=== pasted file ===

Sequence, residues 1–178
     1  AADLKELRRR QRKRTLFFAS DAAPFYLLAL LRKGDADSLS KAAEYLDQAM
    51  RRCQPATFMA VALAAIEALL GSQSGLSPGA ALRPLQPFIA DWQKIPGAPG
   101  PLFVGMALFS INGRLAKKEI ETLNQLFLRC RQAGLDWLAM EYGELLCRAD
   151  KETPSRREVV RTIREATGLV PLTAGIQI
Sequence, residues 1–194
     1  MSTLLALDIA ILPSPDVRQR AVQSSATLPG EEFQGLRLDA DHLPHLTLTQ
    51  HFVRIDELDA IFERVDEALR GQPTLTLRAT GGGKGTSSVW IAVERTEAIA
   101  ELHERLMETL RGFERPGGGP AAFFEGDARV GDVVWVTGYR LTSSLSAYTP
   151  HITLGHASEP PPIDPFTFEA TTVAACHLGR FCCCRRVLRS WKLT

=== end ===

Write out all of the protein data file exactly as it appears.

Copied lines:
Sequence, residues 1–178
     1  AADLKELRRR QRKRTLFFAS DAAPFYLLAL LRKGDADSLS KAAEYLDQAM
    51  RRCQPATFMA VALAAIEALL GSQSGLSPGA ALRPLQPFIA DWQKIPGAPG
   101  PLFVGMALFS INGRLAKKEI ETLNQLFLRC RQAGLDWLAM EYGELLCRAD
   151  KETPSRREVV RTIREATGLV PLTAGIQI
Sequence, residues 1–194
     1  MSTLLALDIA ILPSPDVRQR AVQSSATLPG EEFQGLRLDA DHLPHLTLTQ
    51  HFVRIDELDA IFERVDEALR GQPTLTLRAT GGGKGTSSVW IAVERTEAIA
   101  ELHERLMETL RGFERPGGGP AAFFEGDARV GDVVWVTGYR LTSSLSAYTP
   151  HITLGHASEP PPIDPFTFEA TTVAACHLGR FCCCRRVLRS WKLT